Harris, Sanchez dominate Anaheim gathering of California Democrats

Members of the United Brotherhood of Carpenters and Joiners rally against the Trans-Pacific Partnership outside the California Democratic Party Convention in Anaheim.

Members of the United Brotherhood of Carpenters and Joiners rally against the Trans-Pacific Partnership outside the California Democratic Party Convention in Anaheim.

(Irfan Khan / Los Angeles Times)

The contours of California’s U.S. Senate race sharpened Saturday, with Kamala Harris trying to keep stride as the leading contender while upstart Loretta Sanchez sought to knock her off balance.

Their clashing ambitions dominated an Anaheim gathering of several thousand Democrats pondering who was best suited to capture the Senate seat that Barbara Boxer has occupied for more than 22 years.

Harris, the state attorney general, outlined a broad federal agenda for the first time since entering the race in January. Highlights included a “full pathway to citizenship” for immigrants in the country illegally, a rise in the minimum wage and an end to the federal ban on medical marijuana.


Speaking two days after Sanchez announced she was running, Harris referred only obliquely to the Orange County congresswoman, implying that her rival’s 18 years in the House of Representatives should be no source of pride.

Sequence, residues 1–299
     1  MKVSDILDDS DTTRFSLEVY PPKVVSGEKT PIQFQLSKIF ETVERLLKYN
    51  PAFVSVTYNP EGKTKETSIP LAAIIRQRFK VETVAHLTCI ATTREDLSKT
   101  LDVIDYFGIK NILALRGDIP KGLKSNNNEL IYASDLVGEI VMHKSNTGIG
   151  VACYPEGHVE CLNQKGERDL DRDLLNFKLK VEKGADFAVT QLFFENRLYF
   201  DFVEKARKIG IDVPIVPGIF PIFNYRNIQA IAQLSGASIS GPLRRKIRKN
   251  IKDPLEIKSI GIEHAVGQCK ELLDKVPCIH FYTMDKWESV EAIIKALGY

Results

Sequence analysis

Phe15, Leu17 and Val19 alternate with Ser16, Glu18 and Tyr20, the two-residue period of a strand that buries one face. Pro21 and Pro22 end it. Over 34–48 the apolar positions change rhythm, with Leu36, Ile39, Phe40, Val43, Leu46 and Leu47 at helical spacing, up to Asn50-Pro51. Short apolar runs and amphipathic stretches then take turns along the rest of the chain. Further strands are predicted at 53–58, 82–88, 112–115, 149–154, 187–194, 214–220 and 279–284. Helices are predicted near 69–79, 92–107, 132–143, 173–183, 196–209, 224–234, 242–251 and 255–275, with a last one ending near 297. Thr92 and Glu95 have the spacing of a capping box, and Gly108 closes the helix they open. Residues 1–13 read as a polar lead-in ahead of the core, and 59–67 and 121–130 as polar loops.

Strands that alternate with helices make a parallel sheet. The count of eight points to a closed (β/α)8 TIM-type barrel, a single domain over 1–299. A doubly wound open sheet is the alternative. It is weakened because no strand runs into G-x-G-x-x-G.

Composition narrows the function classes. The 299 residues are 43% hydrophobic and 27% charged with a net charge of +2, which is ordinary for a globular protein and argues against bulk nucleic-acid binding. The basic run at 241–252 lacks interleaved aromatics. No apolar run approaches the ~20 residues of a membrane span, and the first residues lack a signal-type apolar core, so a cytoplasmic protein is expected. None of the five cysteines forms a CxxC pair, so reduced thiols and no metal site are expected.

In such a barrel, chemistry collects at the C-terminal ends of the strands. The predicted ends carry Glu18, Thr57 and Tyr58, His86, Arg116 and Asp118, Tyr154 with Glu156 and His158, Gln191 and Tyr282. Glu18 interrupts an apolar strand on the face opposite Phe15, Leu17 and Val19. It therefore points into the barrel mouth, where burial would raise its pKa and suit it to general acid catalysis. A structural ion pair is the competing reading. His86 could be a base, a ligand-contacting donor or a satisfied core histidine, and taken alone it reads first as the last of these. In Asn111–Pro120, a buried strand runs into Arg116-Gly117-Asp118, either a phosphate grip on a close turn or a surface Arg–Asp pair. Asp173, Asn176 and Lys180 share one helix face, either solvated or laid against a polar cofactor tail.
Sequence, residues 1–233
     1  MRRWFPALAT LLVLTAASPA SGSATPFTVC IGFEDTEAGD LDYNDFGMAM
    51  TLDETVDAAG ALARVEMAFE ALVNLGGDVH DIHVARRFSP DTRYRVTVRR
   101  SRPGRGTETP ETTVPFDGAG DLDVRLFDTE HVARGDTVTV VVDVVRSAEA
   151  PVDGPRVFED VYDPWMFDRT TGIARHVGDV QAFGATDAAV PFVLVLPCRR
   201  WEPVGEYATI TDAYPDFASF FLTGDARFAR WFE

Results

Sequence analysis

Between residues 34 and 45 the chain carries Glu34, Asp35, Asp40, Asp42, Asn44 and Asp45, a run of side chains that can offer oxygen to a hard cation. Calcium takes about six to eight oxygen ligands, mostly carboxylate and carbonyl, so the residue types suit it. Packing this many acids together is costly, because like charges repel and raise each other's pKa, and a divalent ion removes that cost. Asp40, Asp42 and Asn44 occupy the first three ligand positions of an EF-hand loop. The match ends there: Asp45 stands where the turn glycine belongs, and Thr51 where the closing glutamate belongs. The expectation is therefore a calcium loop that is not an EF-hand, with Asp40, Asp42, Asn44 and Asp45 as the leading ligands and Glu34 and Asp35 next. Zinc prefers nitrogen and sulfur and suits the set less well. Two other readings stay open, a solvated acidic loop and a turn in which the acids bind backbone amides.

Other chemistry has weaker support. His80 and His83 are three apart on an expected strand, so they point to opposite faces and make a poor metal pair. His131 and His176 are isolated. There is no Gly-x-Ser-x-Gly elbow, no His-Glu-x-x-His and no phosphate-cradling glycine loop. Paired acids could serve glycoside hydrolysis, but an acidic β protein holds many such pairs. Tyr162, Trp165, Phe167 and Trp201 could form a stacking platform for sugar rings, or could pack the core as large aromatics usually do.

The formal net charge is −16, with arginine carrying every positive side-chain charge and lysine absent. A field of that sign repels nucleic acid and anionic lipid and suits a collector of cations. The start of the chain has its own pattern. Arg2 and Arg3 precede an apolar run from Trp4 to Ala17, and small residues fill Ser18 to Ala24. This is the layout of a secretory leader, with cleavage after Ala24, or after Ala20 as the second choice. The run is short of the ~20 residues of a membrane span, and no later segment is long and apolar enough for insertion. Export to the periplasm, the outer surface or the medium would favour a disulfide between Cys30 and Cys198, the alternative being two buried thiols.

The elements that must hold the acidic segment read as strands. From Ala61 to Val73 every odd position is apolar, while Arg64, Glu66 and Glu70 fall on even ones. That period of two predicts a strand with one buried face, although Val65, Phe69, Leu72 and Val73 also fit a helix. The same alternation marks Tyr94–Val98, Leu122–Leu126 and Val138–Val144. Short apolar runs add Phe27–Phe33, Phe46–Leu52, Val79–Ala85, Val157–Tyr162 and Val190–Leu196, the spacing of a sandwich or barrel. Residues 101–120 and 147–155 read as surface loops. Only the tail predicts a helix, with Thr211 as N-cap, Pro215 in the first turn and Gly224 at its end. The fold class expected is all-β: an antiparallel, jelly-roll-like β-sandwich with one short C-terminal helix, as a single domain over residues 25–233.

“I believe we can disrupt the dysfunction in D.C.,” Harris told the convention delegates in a speech punctuated by tributes to such civil rights leaders as United Farm Workers icon Cesar Chavez and Supreme Court Justice Thurgood Marshall.

California Senate candidates have until next March to decide whether to run in the June 2016 primary, so the Democratic field could expand.

Rep. Xavier Becerra of Los Angeles, another possible contender who was working the convention, said he expects to decide by August whether to get in.

Meanwhile, Sanchez leaped Saturday at the chance to attack Harris for a lack of legislative experience, saying she doesn’t know “how to get things done in Washington.”

“She has no foreign-relations, military, homeland security experience,” Sanchez told reporters.

The annual party convention put Sanchez’s feisty personality and freewheeling campaign style on vivid display, a counterpoint to her opponent’s more measured and risk-averse approach.

“So you get a little flavor of who I am, we’re having margaritas and mambo at 4 p.m.,” Sanchez told the party’s rural caucus with a sly grin. “Come on by.”

On a visit to an assembly of Filipino Americans, Sanchez mentioned her affinity for ballroom dancing, especially the fox trot, then bemoaned rebel insurgencies in the Philippines.

She stumbled, however, in telling the Indian American caucus about an occasion when she confused a Native American with an Indian American. Video shot by a convention delegate and circulated on Twitter showed Sanchez tapping her hand to her mouth in an imitation of a “war cry.”

When Harris was asked about the remark, her eyebrows rose.